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In order to understand how employers can improve engagement and retention of employees, FSG - together with Hart Research Associates - surveyed over 1,200 entry-level, hourly workers between the ages of 17 and 24 years of age.   Dozens of companies were also interviewed to find out how they have improved staff retention.

The young people that were surveyed worked in a wide range of jobs, which included health care, manufacturing, retail, and hospitality.  More than half of these 1,200 young people working in entry-level jobs said that was their intention to leave in less than a year. Less than a quarter stated that they were highly satisfied with their job.

As turnover can cost up to 200% of an employee's annual salary, depending on what their role is, it can therefore cost businesses billions of dollars each year.  

Employers wanting to improve retention were advised of key ways this could be achieved - by improving manager training; diversity and inclusion and scheduling – although it was found that some employers are already improving in these areas.

Job satisfaction amongst the young people surveyed was found, in a large part, to be determined by how they perceived the way their manager treated them, with being treated fairly and with respect often more important than income. Nearly 50% of the women and 40% of the men surveyed said that they had struggled at work because they felt they were treated unfairly by their manager and 32% said they had previously lost a job due to unfair or disrespectful treatment. 

HMSHost - the largest provider of food and beverage services for travelers in North America - used its Engagement Training Program to help frontline managers provide authentic recognition to its employees, to listen and solve problems and deliver specific, actionable feedback to their teams. Where it tested this training, it received enthusiastic feedback from managers and associates and saw early improvements in associate engagement and retention.

Research showed that young people are more than twice as likely to stay in their employment for more than a year if they see the job as a career - or a stepping stone to a career. However, only 35% of young people surveyed described their current employment in those terms. It was suggested that employers could offer meaningful opportunities for professional growth within the company.

In addition, employers can support educational achievement for young people, as 45% of those surveyed wanted to go to college and the responses indicated that those who enrolled in school whilst working are much more likely to stay in their current jobs.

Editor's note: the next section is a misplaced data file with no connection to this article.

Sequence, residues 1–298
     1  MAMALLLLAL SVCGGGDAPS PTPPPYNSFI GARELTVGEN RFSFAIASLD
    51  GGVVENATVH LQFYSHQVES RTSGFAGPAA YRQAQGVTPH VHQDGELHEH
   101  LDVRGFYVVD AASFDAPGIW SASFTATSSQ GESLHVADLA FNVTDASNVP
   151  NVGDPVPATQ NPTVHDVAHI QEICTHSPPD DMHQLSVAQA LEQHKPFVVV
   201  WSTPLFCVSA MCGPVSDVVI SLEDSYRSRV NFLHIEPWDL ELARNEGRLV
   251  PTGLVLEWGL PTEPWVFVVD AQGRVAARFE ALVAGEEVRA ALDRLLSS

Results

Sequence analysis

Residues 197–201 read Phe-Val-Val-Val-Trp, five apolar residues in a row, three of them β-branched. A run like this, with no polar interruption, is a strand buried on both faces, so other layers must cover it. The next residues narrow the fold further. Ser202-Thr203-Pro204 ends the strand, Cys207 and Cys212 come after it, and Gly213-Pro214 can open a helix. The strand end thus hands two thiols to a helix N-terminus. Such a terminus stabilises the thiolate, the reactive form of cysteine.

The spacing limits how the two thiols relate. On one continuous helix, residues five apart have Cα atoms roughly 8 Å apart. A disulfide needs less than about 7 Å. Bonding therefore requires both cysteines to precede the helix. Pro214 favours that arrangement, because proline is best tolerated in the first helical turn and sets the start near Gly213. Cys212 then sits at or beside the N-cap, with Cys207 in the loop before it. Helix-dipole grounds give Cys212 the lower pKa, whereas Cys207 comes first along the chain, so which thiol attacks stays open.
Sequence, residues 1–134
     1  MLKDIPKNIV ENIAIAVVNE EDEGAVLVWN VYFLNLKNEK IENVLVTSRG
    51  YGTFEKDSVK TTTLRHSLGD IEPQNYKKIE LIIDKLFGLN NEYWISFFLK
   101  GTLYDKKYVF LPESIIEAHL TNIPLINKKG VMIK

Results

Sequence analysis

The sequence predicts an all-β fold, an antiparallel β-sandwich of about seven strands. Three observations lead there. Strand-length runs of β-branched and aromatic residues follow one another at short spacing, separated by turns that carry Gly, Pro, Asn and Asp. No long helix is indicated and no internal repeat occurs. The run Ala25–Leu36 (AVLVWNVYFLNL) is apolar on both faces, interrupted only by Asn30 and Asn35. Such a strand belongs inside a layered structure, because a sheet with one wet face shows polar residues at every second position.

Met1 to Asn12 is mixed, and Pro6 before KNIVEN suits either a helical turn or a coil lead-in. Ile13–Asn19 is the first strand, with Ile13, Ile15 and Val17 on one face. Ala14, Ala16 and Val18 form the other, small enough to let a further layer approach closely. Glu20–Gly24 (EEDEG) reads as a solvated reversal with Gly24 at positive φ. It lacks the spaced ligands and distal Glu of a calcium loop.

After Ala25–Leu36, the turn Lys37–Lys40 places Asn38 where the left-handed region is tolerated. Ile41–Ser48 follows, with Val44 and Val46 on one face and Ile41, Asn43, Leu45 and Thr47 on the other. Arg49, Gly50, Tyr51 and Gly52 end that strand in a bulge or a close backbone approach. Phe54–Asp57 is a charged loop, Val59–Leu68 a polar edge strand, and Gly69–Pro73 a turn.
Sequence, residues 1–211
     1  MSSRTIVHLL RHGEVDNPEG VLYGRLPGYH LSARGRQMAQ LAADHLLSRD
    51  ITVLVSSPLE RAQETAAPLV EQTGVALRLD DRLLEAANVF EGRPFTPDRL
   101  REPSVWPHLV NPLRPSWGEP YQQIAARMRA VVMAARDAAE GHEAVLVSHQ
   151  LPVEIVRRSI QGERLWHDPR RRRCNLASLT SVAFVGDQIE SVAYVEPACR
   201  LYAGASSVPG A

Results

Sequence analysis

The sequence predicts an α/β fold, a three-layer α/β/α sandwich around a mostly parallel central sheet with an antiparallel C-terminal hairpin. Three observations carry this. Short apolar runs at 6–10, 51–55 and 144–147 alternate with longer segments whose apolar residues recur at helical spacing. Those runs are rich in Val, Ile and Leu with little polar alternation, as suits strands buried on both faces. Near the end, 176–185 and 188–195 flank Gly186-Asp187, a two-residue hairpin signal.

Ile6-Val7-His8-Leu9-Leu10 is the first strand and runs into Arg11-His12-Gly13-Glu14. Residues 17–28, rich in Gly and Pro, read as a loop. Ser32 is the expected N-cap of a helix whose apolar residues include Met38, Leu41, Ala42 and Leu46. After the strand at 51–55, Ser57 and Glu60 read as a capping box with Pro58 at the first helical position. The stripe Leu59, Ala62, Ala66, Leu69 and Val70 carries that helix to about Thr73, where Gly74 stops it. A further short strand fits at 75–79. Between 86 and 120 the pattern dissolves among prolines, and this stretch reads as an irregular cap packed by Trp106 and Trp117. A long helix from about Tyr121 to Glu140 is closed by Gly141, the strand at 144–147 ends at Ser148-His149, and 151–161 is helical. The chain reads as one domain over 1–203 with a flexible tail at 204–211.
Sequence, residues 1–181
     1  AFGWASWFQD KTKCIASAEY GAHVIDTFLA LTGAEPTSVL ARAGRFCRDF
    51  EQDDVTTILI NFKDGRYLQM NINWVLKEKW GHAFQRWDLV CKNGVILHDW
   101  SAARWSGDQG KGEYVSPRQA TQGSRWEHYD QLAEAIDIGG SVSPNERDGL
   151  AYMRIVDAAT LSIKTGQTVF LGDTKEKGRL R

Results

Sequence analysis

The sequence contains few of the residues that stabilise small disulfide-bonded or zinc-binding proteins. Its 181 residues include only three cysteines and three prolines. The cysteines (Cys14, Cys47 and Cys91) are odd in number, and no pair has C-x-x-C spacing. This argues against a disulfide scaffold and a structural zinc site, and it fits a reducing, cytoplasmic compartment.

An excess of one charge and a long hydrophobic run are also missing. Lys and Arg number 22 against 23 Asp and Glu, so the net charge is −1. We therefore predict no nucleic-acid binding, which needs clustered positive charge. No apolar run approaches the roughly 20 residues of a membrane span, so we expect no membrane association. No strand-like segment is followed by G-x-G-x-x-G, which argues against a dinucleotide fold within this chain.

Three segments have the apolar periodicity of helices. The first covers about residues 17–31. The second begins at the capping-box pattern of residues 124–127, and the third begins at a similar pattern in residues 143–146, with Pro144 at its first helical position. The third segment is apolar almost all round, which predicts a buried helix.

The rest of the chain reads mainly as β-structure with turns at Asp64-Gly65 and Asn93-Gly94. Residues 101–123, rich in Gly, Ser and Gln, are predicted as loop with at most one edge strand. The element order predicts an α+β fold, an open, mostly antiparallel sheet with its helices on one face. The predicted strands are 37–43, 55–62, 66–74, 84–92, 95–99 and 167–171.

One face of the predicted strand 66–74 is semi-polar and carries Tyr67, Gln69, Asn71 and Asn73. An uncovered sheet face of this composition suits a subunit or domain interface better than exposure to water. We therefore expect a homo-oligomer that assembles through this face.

Starbucks recently expanded its College Achievement Plan - offering free tuition for online classes and removing cost, knowledge and schedule barriers for employees. Early results show that the changes are paying off, as employees enrolled in the plan are being retained twice as long and promoted four times as often as employees not participating in the program.

Employers could also create a more diverse and inclusive work environment as there is clear evidence that doing so is good for business. For example, Gap Inc. is a leader in this area, creating a program called This Way Ahead for teens and young adults facing barriers to employment.  Sixty five percent of its participants are women, 98% people of color and all are from low-income backgrounds. After training and a 10-week paid internship, 75% of This Way Ahead graduates received offers of employment at Gap, Old Navy and Banana Republic stores. Gap Inc found it to be an effective talent strategy and the retention rate for these employees is double that of their peers. Their performance ratings are on par with their peers and graduates have higher-than-average engagement scores.

Of the youths surveyed, 83% said they would be more likely to stay in their current job if they had more control over their work schedules. Predictability and flexibility were most important - they want to know, in advance, the days and times they are going to work and they also want their managers to be flexible when unexpected events such as sickness or transportation challenges, arise outside of work.